Sin, as a transgression of God’s law, places humanity in a state of guilt, a liability to God’s judgment. The guilt of Adam, as humanity’s federal (covenantal) head, is credited to his posterity, and only the obedience of Christ, as the last Adam, can remove this guilt.
The original covenant God made with Adam in the garden carried with it both stipulations (the command not to eat of the tree of the knowledge of good and evil) and sanctions (the warning of death in the case of disobedience). Adam’s decision to reject the word of God brought both himself and his posterity into a state of guilt before God. As the covenantal head of all humanity, Adam’s guilt is imputed, or credited, to his posterity. Human sin resulted in divine judgment and placed humanity in need of divine grace. Under the old covenant, God provided a provisional means of removing the guilt of sin through the sacrificial system, but the ultimate removal of guilt was accomplished in the new covenant by the obedience of Christ. Believers can have assurance even in this life that no condemnation exists for those who are united to Christ. On the day of judgment believers will be formally vindicated by the righteousness of Christ, but those who are outside of Christ will pay the eternal punishment due to their guilt.
Guilt in the Garden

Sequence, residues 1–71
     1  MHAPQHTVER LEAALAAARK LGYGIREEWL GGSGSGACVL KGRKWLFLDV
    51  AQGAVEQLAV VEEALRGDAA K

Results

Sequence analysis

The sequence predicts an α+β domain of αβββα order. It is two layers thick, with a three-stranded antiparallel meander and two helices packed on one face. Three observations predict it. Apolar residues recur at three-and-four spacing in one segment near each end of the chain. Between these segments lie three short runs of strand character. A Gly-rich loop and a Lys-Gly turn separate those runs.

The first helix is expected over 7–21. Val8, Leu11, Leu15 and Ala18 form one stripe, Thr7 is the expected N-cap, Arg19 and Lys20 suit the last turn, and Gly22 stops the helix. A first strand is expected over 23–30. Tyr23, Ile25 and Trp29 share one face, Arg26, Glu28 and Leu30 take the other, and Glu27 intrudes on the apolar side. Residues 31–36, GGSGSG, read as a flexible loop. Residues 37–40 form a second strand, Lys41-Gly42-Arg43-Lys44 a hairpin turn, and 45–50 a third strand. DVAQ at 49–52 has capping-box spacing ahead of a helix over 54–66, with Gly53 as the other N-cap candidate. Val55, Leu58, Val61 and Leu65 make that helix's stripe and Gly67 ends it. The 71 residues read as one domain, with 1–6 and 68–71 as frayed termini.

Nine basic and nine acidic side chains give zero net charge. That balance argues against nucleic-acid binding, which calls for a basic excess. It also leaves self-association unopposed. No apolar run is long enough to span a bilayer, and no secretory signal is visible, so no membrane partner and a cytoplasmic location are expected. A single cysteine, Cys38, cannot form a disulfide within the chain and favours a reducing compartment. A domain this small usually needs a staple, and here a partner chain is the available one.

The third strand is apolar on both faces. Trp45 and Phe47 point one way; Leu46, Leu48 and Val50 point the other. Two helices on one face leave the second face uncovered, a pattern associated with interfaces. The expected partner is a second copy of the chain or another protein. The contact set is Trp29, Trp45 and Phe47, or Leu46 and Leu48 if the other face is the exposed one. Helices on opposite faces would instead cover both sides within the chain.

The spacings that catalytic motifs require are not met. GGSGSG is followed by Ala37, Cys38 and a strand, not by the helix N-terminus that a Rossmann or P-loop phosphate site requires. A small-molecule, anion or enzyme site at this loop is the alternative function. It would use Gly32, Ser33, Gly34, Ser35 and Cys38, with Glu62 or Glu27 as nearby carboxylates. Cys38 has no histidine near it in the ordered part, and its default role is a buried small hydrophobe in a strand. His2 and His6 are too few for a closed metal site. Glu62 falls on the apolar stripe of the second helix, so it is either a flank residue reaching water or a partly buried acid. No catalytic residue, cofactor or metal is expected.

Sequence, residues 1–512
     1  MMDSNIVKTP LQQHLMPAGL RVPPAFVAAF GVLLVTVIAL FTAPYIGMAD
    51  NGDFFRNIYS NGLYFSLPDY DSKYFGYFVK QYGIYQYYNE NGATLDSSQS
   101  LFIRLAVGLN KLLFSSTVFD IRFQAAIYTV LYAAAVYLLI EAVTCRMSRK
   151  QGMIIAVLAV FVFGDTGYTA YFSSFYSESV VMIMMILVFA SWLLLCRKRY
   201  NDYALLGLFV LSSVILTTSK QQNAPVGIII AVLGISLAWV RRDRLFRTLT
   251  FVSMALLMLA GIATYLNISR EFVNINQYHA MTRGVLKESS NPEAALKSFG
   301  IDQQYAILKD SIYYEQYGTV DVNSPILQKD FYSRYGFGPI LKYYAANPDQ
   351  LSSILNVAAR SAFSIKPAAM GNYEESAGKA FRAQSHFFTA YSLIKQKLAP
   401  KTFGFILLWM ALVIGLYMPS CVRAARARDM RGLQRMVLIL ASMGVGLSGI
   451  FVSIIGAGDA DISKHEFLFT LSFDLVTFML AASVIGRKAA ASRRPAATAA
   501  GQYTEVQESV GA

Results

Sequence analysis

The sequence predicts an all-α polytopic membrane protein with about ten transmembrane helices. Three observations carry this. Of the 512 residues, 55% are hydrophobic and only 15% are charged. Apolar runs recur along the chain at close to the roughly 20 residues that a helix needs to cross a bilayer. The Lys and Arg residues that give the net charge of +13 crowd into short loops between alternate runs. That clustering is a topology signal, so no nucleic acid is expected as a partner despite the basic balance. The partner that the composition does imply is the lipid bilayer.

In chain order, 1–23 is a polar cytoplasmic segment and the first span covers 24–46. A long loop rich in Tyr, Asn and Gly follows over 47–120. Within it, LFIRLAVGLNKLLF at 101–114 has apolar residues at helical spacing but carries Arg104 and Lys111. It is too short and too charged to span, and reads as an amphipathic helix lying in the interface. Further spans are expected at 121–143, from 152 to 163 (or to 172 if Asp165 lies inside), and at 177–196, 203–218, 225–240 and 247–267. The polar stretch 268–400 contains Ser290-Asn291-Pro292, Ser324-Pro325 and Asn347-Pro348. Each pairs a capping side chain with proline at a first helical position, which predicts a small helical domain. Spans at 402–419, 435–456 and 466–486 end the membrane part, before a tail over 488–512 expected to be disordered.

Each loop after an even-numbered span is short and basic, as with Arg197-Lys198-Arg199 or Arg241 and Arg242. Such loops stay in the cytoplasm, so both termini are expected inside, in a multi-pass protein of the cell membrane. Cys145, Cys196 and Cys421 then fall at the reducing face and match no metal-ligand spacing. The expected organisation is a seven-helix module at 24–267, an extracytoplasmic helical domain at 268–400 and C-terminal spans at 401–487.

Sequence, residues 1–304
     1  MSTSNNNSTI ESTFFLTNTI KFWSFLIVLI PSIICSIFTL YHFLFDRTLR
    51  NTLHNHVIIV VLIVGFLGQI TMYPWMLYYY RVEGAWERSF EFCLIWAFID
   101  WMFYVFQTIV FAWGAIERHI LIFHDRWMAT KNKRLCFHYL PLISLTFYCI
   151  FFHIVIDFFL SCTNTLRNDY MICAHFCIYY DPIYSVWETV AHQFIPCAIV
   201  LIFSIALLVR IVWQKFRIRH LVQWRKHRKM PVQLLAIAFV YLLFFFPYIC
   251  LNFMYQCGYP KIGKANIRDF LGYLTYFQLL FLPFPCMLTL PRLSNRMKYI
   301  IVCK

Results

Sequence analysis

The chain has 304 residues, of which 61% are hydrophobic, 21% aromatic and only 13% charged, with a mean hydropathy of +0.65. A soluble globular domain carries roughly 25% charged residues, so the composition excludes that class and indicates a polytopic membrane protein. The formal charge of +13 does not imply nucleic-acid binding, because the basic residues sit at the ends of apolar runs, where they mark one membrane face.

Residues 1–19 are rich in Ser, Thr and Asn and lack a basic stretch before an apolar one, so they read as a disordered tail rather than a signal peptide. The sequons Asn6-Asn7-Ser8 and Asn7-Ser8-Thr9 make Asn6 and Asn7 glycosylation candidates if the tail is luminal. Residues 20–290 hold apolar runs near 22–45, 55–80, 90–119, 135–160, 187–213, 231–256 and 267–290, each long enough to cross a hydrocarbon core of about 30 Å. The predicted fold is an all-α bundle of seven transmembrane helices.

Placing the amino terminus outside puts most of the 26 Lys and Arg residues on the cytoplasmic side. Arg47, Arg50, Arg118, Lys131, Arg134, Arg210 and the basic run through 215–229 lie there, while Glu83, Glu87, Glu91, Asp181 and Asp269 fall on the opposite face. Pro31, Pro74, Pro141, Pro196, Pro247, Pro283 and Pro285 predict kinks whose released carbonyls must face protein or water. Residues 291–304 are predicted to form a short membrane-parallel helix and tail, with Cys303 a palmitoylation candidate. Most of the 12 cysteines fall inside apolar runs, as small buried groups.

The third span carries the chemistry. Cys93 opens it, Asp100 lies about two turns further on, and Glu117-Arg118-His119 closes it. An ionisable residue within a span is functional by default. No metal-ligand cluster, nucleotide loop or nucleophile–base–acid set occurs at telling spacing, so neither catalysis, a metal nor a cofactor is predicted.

Theologians often debate whether the arrangement between God and the original human pair, Adam and Eve, constitutes a covenant. Though the word is not used, it seems that all of the elements of a covenant are present: the two parties enter into a solemn agreement with one another, the divine Lord makes provision for his servants, he stipulates what their obligations are (the creation mandate to rule over the earth and the prohibition against eating of the tree of the knowledge of good and evil), and he places upon them particular sanctions for disobedience (certain death) and for obedience (the implicit promise of the tree of life). Reformed theologians have spoken about this original relationship with humanity as the covenant of creation, with Adam as the federal (that is, covenantal) head of the human race. Even if some do not wish to use the language of covenant to describe this arrangement, it is certainly true that Adam’s sin affects all his posterity. Just as Adam was created in the image of God, so also his offspring, Seth, was begotten after his own image and likeness (Gen 5:3). And the consequence of Adam’s sin, the punishment of death, is spread throughout Adam’s lineage (note the repeated refrain in Gen 5: “and he died”). Sin brings about the corruption of humanity’s moral constitution: sin is now crouching at the door, desiring to rule over us (Gen 4:7). Sin also introduces alienation to humanity’s relationships: their relationship with God, their relationship with one another, their relationship to the earth, and even their relationship to themselves. But even more foundational than this moral corruption and relational alienation is the reality of sin’s guilt: sin is fundamentally the transgression of God’s command, and therefore, its most fundamental consequence is liability to the judgment of God. “For in the day that you eat of it you shall surely die.”